Letter to the Editor published in the International Herald Tribune in response to ''Invent, invent, invent,'' Views, June 29 July 4, 2009
Jean Kilbourne, Ed.D., senior scholar at the Wellesley Centers for Women, is internationally recognized for her pioneering work on alcohol and tobacco advertising and the image of women in advertising. Her newest book, So Sexy So Soon: The New Sexualized Childhood and What Parents Can Do to Protect Their Kids, co-authored with Diane E. Levin, was published in 2008. Her book, Can’t Buy My Love: How Advertising Changes the Way We Think and Feel, won the Distinguished Publication Award from the Association for Women in Psychology in 2000. She is also known for her award-winning documentaries Killing Us Softly, Slim Hopes, and Calling the Shots.
This past summer, few of us could escape the media’s relentless coverage of the controversy surrounding the nomination of Sonia Sotomayor to the U.S. Supreme Court. Perhaps not surprisingly, the controversy centered on her racial background rather than on her long and impeccable record as a judge, or on her peers’ opinions of her abilities.
Letter to the Editor submitted by Sumru Erkut, Ph.D., to The New York Times in response to the article “Mistresses of the Universe" published February 8, 2009. (unpublished)
February 10, 2009
The notion of the intergenerational transmission of abuse has been accepted for some time. Both research and our own observations lead us to expect that having been abused or neglected or having witnessed violence between parents as a child will contribute to an individual’s increased risk to abuse or neglect one’s own child or to be involved in an abusive relationship as an adult.
Op-Ed article in USA Today
by Lise Eliot, Ph.D. and Susan McGee Bailey, Ph.D.
August 20, 2008
As summer vacation draws to a close, a growing number of children will be entering public schools without their opposite-sex peers. Driven by widespread fears about a "boy crisis" in education, and exacerbated by claims of dramatic brain differences between boys and girls, K-12 educators are caught in a spreading fire for gender segregation — a fire fueled by misperceptions more than reality.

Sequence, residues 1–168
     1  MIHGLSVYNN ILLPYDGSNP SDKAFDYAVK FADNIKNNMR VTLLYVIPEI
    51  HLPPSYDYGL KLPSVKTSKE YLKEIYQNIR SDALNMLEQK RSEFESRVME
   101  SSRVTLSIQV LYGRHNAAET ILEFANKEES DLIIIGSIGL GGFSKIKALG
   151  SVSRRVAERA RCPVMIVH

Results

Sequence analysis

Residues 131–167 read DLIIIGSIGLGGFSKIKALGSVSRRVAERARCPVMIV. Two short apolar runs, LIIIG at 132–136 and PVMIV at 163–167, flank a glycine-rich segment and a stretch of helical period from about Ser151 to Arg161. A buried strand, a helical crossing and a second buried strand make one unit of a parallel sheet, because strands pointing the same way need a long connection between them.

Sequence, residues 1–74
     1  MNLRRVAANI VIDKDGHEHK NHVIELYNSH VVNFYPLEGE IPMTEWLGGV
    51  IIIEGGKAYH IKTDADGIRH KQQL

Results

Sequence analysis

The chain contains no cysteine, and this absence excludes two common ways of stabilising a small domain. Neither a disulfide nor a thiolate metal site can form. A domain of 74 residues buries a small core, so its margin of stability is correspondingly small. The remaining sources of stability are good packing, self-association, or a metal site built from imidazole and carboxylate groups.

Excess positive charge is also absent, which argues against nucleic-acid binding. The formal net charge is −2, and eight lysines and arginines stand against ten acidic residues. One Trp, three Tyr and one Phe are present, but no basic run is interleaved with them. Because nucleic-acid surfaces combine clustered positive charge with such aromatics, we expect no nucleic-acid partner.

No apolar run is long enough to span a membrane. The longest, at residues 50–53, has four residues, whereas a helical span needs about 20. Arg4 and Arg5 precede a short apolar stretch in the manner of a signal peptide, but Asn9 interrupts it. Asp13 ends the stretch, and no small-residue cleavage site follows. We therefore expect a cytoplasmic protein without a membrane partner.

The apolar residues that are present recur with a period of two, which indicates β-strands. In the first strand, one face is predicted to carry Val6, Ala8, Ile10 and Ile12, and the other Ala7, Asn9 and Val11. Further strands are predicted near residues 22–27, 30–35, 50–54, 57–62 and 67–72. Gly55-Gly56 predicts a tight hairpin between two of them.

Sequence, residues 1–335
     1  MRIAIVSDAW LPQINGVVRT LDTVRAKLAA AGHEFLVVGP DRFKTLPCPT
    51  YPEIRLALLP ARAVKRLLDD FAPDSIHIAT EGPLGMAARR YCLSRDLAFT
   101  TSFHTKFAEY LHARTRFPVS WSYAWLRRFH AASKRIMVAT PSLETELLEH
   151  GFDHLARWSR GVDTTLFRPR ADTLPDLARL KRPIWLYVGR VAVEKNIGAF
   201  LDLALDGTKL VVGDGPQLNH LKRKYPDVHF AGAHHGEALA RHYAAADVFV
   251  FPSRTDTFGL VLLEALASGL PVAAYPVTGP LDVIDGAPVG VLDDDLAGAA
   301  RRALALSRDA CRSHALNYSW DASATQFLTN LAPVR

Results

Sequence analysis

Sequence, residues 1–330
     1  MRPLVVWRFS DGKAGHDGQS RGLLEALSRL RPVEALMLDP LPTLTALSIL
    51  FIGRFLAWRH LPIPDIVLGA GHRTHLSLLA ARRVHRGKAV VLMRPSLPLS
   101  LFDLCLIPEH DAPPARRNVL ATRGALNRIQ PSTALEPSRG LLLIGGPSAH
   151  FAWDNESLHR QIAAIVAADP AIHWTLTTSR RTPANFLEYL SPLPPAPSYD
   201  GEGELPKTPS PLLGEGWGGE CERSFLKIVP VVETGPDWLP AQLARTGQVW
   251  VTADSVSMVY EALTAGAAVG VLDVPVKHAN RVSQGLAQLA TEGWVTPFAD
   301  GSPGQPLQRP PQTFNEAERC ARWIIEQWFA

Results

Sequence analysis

by Peggy Levitt, Ph.D.
From the Spring/Summer 2008 Research & Action Report
One hot August afternoon in 1999, after the day’s cooking and cleaningwere done, I asked some of the young women of Miraflores, a Dominicanvillage I studied for my dissertation, to talk with me about how theirlives had changed since so many of their friends and neighbors beganmigrating to the United States. Mirafloreños have been moving to Bostonsince the early 1970s, settling in and around the neighborhoods ofDorchester, Roxbury, and Jamaica Plain. By the mid-1990s, nearlythree-quarters of its households had family members living inMassachusetts. Close to 60 percent received some monthly income supportfrom migrants. It seemed to me that the exchanges of people, money,goods, and what I call social remittancesor ideas, practices, social capital, and identities that circulateregularly between people who move and people who stay behind haddramatically transformed aspects of daily life. In particular, I wantedto know how women’s lives had changed.
Letter to the Editor submitted by Sumru Erkut, Ph.D., to The Boston Globe in response to the CDC Press Release: “One in Four Female Adolescents Is Infected with At Least One Sexually Transmitted Infection, New CDC Study Finds" published March 12, 2008. (unpublished)
March 13, 2008
Letter to the editor by Susan McGee Bailey, Ph.D., to New York Times Magazine in response to the article "Teaching to the Testosterone" which ran March 2, 2008. (unpublished)
March 5, 2008
Is Literacy Enough?, which we co-authored with Catherine Snow and Patton Tabors, we explore the continuities and discontinuities of early literacy skills on adolescent achievement. In this book, we describe the original 83 low-income students who began participating in the Home-School Study of Language and Literacy Development at the age of 3, and we conclude with the outcomes for the 47 participants who continued in the study until they reached young adulthood. When this study began, Dr. Snow, the Principal Investigator, set a groundbreaking path into the importance of language as a foundation of early literacy. Results from this study have influenced conceptual and practical approaches to early reading instruction, helping to set national standards. At the end of the 16-year study many hypotheses were borne out, even as new questions were generated about our most vulnerable children.
Letter to the Editor submitted by Sumru Erkut, Ph.D. to Ms. in response to the article "Extreme Makeover: Feminist Edition," published in Fall 2007 issue.
Afterschool practitioners and youth workers play a critical role in today’s society, serving as positive adult role models, mentors, coaches, tutors and friends for young people, and a vital support for working parents. Too often, however, these practitioners do not receive the recognition or resources they need to feel valued in their work by the public and, more importantly, by their employers. While most youth workers are educated, satisfied and committed to making a difference in the lives of the children and youth they serve, too many report being underpaid, underappreciated, and at times overworked, often holding down multiple jobs just to make a living wage. Stress and burnout are all too real and recruitment of qualified administrators and staff remains challenging. For our most vulnerable youth who depend on quality out-of-school time programs, it is imperative that private and public policy makers understand the domino effect that results from underpaid youth workers.